November 12, 2011
Ukraine eyes largercorn, feed wheat exports
Ukraine's recordharvest this year should leave the country with around10-12 million tonnes of corn and seven million tonnesof feed wheat available for export, posing strong competition to US in theinternational market.
Ukrainian farmers are using inputs like fertiliser more aggressively to increase yields, according to Cary Sifferath, USGrains Council (USGC) regional director. Capital spending on port facilities and export capacity is also increasing as multi-national exporters invest in the region. â€¨â€¨
But he warned that rail and export facilities could still prove a bottleneck for moving such grain volumes.â€¨â€¨
"It wasn't that long ago the multi-national grain companies were wondering if Ukraine was a safe place to invest in facilities, since the government can restrict exports, as it did in 2010," he explained.â€¨â€¨
In October, Ukrainian President Viktor Yanukovich cancelled export duties for wheat and corn that had been imposed in July, and Ukrainian officials have talked of exporting 27 million tonnes of grain in 2011-12.â€¨â€¨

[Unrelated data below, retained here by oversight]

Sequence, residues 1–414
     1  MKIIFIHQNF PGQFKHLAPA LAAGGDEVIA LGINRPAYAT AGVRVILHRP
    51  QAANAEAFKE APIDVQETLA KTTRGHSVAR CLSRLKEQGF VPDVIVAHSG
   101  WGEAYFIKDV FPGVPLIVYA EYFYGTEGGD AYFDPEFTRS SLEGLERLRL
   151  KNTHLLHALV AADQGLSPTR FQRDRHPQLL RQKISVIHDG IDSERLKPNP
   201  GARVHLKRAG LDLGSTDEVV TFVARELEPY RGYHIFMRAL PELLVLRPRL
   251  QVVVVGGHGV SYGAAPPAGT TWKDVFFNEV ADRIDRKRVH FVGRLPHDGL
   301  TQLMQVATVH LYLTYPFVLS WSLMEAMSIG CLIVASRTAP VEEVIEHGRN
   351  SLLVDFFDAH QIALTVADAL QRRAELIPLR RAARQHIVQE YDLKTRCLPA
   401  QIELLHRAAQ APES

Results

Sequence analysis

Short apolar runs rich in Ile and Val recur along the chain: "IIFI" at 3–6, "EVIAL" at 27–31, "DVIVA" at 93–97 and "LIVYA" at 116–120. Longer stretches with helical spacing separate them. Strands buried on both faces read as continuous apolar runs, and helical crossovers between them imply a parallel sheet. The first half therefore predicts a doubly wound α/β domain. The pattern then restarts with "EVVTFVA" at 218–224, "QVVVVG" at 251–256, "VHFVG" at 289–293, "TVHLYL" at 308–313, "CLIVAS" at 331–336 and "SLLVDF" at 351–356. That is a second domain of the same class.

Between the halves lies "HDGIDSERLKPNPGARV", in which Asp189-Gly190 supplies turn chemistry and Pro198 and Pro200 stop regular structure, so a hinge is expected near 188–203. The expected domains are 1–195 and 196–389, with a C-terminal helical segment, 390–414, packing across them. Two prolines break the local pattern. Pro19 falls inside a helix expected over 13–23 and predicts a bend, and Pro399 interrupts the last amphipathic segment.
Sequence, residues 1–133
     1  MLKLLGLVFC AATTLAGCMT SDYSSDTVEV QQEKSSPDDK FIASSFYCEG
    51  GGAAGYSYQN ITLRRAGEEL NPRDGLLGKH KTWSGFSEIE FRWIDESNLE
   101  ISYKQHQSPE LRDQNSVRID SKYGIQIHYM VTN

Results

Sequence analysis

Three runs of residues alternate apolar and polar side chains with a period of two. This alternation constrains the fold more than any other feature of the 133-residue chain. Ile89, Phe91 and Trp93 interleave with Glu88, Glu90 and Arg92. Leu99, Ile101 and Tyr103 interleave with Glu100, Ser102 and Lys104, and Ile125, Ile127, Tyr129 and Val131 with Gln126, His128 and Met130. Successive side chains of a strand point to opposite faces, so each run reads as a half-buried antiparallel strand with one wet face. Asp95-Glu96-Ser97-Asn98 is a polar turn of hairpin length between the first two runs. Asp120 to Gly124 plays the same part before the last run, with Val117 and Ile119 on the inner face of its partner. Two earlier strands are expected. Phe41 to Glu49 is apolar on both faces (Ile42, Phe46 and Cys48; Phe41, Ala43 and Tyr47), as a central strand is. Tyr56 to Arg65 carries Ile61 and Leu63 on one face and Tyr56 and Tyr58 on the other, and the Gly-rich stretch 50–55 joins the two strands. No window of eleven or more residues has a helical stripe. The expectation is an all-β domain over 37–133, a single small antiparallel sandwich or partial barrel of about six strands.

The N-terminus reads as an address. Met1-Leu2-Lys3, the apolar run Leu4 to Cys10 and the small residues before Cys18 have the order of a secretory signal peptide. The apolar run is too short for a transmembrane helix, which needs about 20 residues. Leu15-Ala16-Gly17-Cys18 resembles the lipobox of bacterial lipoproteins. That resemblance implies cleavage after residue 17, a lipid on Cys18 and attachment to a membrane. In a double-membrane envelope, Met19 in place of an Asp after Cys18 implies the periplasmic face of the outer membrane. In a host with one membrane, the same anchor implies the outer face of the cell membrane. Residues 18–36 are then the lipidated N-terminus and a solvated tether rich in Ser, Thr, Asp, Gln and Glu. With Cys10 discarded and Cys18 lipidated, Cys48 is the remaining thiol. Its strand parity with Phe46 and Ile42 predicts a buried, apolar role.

Much of Ukraine's corn and feed wheat is likely to go to the Mediterranean region, to Israel, Syria, as well as the North African and EU markets,Sifferath suggested.
"Israel has been a big feed wheat user in the past and is likely to be a big buyer because of low transportation costs from the Black Sea."â€¨â€¨
"Egypt, Algeria and Morocco are restricted from importing wheat for feed use, and sales to the EU's Mediterranean nations will depend on pricing."â€¨â€¨
"We know the Japanese and Taiwanese have purchased some Ukrainian corn," Sifferath said, adding that Ukrainian feed wheat may have traded into Southeast Asia.
He noted that feed wheat could also go to South Korea and even China, if the Chinese choose to buy wheat instead of corn to build their grain reserves.
There has also been speculation about yellow corn sales to South Africa.